Feasibility study of a lunar landing area navigation network deployed by impacting micro-probes

P. Weiss, Kai Leung Yung

Research output: Journal article publicationJournal articleAcademic researchpeer-review

4 Citations (Scopus)


Exploration activities on the lunar surface will require precise knowledge of the position of a robotic or manned vehicle. This paper discusses the use of radio beacons as method to determine the position of a mobile unit on the surface. Previous concepts consider the installation of such equipment by the robot itself. A novel idea is discussed here, namely to use miniaturized radio beacons which are deployed (released) during the descent of the lander on the surface. This idea has three major advantages compared to previous proposals: (i) it avoids the time costly and energy consuming installation of the equipment by a rover. (ii) The impact velocities of the probes are in reasonable range since the probes are deployed at low altitude from the main lander that approaches its final landing site. (iii) The probes can take reconnaissance pictures during their free-fall to the surface. This method will therefore deliver charts of the proximity of the landing area with higher resolution than those done by orbital means. Such information will enable scientists and mission operators to precisely plan robotic excursions (and later Extra Vehicular Activity) through the identification of hazardous areas and spots of interest. The paper will study the feasibility of this system from different aspects. The first section will outline the application scenario and the potential outcome of such a system for the coming phase of lunar exploration. A technological readiness review was done to evaluate if the payload instrumentation for these high velocity impacting probes is available. The second section presents the simulation of the impact process of a preliminary probe model in nonlinear transient dynamic finite element analysis using the Lagrangian hydrocode LS-DYNA. The purpose of this simulation was to evaluate if the beacon is able to communicate with the mobile unit even when buried into the soil. The integration of this payload into coming lunar missions will contribute to the international efforts of lunar exploration with a landing site ad hoc navigation system for robotic or manned excursions.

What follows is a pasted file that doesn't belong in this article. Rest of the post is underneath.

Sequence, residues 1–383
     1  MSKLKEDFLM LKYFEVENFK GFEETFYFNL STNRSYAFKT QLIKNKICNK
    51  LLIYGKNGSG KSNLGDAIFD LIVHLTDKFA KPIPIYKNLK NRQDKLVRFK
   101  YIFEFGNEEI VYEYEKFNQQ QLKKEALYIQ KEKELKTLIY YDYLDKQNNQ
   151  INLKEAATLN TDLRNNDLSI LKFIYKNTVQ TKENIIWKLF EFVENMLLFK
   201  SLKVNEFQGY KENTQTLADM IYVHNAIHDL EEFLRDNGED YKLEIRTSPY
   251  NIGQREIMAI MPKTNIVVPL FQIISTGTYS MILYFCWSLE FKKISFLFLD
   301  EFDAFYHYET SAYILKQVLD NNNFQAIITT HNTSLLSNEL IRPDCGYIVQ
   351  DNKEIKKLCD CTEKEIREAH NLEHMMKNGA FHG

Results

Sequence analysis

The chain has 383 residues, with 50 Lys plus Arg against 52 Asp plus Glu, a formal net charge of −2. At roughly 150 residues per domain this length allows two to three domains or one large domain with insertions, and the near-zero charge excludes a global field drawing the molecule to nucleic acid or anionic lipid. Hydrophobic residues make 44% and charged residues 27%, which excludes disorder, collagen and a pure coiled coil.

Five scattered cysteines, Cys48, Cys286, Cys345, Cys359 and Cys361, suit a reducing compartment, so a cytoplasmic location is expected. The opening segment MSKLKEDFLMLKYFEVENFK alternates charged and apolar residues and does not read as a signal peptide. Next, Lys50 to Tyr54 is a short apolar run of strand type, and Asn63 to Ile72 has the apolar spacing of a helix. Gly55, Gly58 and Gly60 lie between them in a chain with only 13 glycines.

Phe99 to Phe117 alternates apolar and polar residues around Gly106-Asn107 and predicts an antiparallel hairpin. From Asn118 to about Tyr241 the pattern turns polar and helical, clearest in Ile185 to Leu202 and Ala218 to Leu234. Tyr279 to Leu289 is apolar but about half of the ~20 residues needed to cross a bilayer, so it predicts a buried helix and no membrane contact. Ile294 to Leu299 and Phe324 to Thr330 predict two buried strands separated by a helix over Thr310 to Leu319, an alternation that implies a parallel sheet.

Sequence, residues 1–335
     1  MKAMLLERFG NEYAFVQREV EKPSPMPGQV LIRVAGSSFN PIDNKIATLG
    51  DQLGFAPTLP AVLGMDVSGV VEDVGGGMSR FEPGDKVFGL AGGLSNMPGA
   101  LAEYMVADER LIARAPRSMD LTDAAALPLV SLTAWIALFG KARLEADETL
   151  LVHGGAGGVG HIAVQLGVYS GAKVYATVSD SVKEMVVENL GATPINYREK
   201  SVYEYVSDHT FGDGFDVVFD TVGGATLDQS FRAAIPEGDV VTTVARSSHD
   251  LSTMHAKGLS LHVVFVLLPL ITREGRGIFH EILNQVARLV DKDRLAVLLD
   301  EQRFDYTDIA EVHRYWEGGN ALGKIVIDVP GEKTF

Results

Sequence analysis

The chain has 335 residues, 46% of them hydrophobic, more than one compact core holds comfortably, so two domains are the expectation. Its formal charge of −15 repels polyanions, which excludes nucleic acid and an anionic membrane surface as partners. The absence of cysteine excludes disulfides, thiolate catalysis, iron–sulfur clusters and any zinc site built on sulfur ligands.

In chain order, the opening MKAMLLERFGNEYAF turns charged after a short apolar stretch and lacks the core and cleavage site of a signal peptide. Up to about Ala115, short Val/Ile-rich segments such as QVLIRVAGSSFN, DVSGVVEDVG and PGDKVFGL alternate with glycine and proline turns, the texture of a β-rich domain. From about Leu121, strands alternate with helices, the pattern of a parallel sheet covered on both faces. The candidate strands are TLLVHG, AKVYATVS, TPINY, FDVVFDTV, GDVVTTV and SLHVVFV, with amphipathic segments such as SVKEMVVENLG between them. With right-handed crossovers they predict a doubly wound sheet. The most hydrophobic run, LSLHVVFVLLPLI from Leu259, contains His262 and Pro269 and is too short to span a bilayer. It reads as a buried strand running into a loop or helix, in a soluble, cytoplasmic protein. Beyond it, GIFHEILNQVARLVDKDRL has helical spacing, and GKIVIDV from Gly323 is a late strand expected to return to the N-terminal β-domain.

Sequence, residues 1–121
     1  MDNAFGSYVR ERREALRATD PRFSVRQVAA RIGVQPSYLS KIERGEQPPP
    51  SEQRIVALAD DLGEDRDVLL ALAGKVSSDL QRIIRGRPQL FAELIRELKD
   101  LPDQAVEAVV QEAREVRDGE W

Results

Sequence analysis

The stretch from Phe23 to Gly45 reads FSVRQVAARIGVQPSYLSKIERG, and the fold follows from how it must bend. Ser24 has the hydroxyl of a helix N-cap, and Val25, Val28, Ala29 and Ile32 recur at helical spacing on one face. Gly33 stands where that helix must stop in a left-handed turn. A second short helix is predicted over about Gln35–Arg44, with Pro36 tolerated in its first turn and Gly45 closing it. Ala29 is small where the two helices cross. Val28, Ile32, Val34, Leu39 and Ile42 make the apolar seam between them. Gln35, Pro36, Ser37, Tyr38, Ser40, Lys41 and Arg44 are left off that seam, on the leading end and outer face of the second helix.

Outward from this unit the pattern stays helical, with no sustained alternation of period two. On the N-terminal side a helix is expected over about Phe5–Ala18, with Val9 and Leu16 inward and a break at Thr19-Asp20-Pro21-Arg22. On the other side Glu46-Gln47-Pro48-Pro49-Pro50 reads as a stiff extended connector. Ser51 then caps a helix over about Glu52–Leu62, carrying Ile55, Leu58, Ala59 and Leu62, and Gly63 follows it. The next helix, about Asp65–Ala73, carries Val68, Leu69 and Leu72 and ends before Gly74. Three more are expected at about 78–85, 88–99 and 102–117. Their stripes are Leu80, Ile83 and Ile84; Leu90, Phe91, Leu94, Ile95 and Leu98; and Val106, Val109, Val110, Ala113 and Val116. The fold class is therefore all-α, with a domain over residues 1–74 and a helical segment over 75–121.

Original languageEnglish
Pages (from-to)893-903
Number of pages11
JournalPlanetary and Space Science
Issue number6
Publication statusPublished - 1 May 2010


  • Beacon
  • Impact
  • Moon
  • Navigation network
  • Penetrator

ASJC Scopus subject areas

  • Astronomy and Astrophysics
  • Space and Planetary Science


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